IN an unusual example of European friendship, Belgium and the Netherlands have decided to swap some land so that effectively Belgium becomes smaller by some 40 acres whilst the Netherlands will cede 7.5 acres in return.
The reason for this swap is because of the borders that were drawn up between the two countries in 1830 when Belgium gained its independence from the Netherlands and to make life easier, the border was delineated in one part along the River Meuse (or Maas as it is called in Dutch).
All was fine until the early 1960s when the flow of the river was changed in order to make navigation much easier but this resulted in small parts of each country falling on the wrong side of the river.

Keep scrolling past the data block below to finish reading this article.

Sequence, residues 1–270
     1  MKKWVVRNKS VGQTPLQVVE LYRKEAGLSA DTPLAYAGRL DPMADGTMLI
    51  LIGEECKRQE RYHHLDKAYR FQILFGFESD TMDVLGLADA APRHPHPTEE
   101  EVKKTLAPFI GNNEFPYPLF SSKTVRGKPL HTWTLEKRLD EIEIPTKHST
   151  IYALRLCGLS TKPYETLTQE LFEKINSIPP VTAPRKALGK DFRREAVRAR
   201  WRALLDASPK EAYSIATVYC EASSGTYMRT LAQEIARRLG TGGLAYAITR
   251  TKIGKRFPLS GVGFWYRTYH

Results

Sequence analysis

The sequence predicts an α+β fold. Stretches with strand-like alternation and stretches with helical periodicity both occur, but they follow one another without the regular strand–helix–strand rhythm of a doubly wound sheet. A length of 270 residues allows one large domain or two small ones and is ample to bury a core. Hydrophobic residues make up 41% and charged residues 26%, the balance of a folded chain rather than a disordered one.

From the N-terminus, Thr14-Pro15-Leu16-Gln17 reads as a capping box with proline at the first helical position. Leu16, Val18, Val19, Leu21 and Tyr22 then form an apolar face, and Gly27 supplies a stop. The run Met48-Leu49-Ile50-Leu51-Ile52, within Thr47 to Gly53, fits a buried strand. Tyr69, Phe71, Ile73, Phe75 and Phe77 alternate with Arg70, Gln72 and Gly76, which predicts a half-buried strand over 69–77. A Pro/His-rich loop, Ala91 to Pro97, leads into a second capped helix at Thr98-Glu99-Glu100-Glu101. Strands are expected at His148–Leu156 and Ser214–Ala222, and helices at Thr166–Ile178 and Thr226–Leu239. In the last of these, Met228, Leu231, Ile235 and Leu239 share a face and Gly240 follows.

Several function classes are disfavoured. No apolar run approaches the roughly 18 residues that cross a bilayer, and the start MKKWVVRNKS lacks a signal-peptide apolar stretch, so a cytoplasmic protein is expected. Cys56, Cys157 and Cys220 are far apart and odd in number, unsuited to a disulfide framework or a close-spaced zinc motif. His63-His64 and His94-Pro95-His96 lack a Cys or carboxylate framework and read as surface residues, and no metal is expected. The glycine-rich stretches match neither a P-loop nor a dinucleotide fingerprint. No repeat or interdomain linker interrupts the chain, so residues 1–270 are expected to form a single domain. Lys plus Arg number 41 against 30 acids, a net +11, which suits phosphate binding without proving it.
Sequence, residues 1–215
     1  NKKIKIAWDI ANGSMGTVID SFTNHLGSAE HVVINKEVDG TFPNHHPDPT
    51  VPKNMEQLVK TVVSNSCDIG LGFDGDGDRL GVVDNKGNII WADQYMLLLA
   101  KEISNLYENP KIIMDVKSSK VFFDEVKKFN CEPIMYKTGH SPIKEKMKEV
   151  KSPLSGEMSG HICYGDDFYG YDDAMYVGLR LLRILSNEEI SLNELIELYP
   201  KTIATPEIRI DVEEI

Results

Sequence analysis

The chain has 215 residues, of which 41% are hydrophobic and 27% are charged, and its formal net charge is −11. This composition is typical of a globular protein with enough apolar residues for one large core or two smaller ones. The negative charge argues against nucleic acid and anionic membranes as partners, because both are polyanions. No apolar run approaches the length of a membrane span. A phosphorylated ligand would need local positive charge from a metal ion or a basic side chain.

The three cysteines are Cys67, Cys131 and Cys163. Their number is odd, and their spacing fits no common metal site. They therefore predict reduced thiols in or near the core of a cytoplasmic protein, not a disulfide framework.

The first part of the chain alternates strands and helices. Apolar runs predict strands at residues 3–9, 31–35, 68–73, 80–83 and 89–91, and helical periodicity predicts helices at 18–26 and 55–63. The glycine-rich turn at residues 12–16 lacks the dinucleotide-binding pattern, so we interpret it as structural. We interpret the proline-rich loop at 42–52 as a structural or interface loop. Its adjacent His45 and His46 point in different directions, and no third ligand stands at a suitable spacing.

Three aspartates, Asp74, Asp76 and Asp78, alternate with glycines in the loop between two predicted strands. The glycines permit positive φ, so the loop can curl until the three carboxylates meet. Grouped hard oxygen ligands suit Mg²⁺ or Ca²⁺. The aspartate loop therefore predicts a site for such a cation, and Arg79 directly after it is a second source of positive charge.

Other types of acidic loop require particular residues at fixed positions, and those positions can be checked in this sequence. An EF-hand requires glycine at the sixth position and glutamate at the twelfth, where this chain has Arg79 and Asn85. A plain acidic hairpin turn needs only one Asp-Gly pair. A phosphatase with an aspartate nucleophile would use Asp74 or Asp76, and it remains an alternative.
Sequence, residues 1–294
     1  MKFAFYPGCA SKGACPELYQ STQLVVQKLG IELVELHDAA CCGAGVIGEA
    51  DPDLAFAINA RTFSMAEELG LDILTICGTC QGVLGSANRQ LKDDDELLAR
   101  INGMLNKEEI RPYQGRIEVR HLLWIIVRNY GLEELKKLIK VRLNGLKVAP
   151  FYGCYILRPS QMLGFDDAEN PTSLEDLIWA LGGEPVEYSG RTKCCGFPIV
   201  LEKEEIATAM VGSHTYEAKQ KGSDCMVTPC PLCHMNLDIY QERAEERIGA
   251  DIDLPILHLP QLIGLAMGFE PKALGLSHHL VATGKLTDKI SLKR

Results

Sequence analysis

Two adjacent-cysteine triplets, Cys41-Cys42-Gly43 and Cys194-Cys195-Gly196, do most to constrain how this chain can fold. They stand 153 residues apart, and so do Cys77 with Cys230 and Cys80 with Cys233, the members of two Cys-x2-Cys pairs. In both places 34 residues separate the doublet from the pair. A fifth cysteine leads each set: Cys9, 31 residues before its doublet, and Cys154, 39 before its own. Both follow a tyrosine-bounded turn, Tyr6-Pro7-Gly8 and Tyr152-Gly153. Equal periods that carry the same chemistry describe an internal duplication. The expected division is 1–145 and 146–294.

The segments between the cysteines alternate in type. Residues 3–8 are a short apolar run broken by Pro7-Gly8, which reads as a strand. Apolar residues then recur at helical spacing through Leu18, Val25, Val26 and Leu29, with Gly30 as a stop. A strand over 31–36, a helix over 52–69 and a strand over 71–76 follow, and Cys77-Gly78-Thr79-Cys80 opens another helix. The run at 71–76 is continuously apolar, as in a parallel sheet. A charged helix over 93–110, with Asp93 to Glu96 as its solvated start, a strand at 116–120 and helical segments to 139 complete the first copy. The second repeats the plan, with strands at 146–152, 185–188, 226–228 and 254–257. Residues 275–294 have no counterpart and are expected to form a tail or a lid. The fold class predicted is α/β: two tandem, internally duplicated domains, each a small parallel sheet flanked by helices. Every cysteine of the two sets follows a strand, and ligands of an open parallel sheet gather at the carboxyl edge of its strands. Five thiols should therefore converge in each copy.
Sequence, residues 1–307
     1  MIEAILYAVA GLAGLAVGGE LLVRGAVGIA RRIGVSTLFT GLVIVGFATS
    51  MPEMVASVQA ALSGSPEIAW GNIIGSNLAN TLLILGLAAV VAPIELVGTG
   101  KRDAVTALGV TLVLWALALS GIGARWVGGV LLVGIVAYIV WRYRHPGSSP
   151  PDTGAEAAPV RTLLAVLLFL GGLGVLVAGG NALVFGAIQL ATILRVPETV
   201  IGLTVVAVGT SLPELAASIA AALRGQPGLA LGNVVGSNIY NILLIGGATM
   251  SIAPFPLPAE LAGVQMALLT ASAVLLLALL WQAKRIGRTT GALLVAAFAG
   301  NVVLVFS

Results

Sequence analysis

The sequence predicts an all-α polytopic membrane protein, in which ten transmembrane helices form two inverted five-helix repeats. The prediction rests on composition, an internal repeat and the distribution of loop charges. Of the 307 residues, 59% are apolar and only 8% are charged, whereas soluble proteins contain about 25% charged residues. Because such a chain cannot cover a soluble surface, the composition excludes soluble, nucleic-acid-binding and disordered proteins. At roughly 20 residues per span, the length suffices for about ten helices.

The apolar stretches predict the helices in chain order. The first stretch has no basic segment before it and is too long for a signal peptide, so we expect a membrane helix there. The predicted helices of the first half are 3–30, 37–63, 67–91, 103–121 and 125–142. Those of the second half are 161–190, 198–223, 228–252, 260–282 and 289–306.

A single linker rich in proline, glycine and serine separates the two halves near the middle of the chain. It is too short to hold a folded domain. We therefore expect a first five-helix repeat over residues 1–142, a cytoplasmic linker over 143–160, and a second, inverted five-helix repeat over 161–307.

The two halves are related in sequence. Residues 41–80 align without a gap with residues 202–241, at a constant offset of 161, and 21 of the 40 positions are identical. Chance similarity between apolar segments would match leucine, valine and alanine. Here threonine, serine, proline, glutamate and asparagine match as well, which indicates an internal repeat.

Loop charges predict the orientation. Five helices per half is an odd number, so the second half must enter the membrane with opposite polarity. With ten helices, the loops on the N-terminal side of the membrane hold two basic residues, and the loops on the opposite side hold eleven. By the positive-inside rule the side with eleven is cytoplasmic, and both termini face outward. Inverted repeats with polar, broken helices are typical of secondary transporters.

It is a logical exchange and will hardly be world shattering but now that the two countries have signed a document of agreement it is likely that the final handover of the unoccupied land will take place at the start of 2018.
Ironically, there will still be a part of Belgium within the Netherlands as the relatively small municipality of Baarle-Hertog is technically part of the province of Antwerp in Belgium, but much of it sits within the area of North Brabant in the Netherlands.